In this paper, we consider a kernel-based full-Newton step feasible interior-point method (IPM) for P∗(κ)\documentclass[12pt]{minimal} \usepackage{amsmath} \usepackage{wasysym} \usepackage{amsfonts} \usepackage{amssymb} \usepackage{amsbsy} \usepackage{mathrsfs} \usepackage{upgreek} \setlength{\oddsidemargin}{-69pt} \begin{document}$$P_{*}(\kappa )$$\end{document}-Weighted Linear Complementarity Problem (WLCP). The specific eligible kernel function is used to define an equivalent form of the central path, the proximity measure, and to obtain search directions. Full-Newton steps are adopted to avoid the line search at each iteration. It is shown that with appropriate choices of the parameters, and a certain condition on the starting point, the iterations always lie in the defined neighborhood of the central path. Assuming strict feasibility of P∗(κ)\documentclass[12pt]{minimal} \usepackage{amsmath} \usepackage{wasysym} \usepackage{amsfonts} \usepackage{amssymb} \usepackage{amsbsy} \usepackage{mathrsfs} \usepackage{upgreek} \setlength{\oddsidemargin}{-69pt} \begin{document}$$P_{*}(\kappa )$$\end{document}-WLCP, it is shown that the IPM converges to the ε\documentclass[12pt]{minimal} \usepackage{amsmath} \usepackage{wasysym} \usepackage{amsfonts} \usepackage{amssymb} \usepackage{amsbsy} \usepackage{mathrsfs} \usepackage{upgreek} \setlength{\oddsidemargin}{-69pt} \begin{document}$$\varepsilon $$\end{document}-approximate solution of P∗(κ)\documentclass[12pt]{minimal} \usepackage{amsmath} \usepackage{wasysym} \usepackage{amsfonts} \usepackage{amssymb} \usepackage{amsbsy} \usepackage{mathrsfs} \usepackage{upgreek} \setlength{\oddsidemargin}{-69pt} \begin{document}$$P_{*}(\kappa )$$\end{document}-WLCP in a polynomial number of iterations. Few numerical results are provided to indicate the computational performance of the algorithm.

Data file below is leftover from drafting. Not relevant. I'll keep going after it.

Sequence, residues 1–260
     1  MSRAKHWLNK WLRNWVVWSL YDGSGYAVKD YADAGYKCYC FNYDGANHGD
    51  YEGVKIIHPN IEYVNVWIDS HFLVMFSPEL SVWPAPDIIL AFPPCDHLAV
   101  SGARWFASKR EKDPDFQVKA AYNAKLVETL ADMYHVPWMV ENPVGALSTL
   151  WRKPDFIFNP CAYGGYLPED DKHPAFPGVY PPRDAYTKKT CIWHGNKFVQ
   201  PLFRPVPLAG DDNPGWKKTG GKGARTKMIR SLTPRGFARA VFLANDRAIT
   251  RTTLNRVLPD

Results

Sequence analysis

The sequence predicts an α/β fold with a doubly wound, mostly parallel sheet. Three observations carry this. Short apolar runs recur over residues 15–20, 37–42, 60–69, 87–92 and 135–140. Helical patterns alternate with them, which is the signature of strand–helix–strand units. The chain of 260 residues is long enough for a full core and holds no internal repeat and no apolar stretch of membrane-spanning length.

Many look to the federal courts as an avenue of control of the growing administrative state. Some advocate the creation of specialized federal courts of appeals in areas such as immigration and social security. Yet, little is known about whether repeat exposure to specific types of cases enables federal judges to overcome doctrines of deference and whether such an effect would be policy-neutral. Gathering a sample of over 4000 cases decided by the U.S. Courts of Appeals between 2002 and 2017, we demonstrate that exposure to asylum cases over time emboldens federal judges to challenge administrative asylum decisions, asserting their personal policy preferences. The effect is particularly strong when the legal issue should prompt deference based on bureaucratic expertise. These findings not only address important questions raised by bureaucracy and court scholars but also inform a salient public debate concerning the proper treatment of those seeking refuge within our borders.